The Spiral Ladder

Climb over the Wall

Why I learned to meditate

by Meredith Arena,

Seattle Interdependence Project.

Why I learned to meditate

Because I always said that I would.

Because, since childhood, it seemed like a cool thing to do.

I was lonely.

I was anxious.

I always felt that I was not doing enough.

I thought that meditation would fix me.

I wanted to be able to be still.

I thought it would make me more likeable.

I just thought that I should.

I was:

Artistically confused.

Perpetually unsatisfied.



Full of self-doubt.



Confused about how to be involved in politics.

Because I could.

Because I liked Yoga.

Because it seemed poetic.

I wanted to be more in touch with my body.

I wanted to understand myself sexually.

I wanted to know who I was without my “social identity”.

Because I hated my country.

Because I never related to the Catholic Church.

Because my parents taught me to be open minded.

Because I met other cool people who did it.

I wanted to make art.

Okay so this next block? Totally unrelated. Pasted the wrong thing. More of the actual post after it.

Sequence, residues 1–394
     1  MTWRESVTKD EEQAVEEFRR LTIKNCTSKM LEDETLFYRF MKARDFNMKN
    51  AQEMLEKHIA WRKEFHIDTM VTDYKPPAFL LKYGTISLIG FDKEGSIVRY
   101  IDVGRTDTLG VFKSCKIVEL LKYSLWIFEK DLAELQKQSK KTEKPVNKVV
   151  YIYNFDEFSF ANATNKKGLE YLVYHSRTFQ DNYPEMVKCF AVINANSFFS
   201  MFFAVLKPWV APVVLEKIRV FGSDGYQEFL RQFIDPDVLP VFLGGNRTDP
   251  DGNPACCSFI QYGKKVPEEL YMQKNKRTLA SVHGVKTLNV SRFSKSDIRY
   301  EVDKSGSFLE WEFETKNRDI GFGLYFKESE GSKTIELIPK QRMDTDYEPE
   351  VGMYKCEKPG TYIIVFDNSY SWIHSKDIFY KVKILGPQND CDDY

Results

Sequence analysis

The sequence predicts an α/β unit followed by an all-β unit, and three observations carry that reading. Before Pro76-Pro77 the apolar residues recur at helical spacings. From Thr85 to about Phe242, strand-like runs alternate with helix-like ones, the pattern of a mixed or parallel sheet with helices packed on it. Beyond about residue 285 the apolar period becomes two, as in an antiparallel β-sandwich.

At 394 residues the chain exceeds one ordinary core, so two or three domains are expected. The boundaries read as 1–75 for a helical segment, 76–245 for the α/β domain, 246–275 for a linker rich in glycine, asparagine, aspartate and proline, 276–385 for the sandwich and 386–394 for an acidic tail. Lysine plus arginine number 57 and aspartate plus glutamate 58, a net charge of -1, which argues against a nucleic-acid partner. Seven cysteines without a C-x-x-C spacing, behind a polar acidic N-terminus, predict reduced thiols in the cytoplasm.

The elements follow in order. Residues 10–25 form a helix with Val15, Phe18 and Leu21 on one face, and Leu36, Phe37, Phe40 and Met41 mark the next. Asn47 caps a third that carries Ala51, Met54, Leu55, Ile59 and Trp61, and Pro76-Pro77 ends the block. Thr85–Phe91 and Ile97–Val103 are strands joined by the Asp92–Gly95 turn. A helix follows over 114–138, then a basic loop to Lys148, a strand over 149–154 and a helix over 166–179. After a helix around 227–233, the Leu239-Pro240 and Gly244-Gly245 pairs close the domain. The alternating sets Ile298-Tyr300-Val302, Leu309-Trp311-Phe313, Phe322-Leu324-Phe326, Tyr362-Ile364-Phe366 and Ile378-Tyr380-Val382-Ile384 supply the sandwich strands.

I wanted life to be like art.

I was never happy.

I couldn’t accept things that didn’t go my way.

I felt wrong.

I was spiteful.

I was weird in romantic relationships.

Desire to feel ok.

Desire to connect.

Desire to connect.

Desire to connect.

In Buddhism there is a thing called the three poisons: desire, aversion, and ignorance. They are what make us human.  Each item on my list is driven by one. They are natural and normal. Struggle is a critical and beautiful part of being human. Working with our minds is a radical way to be IN life. “The root meaning of the word radical is just that..the root or origin of something.”


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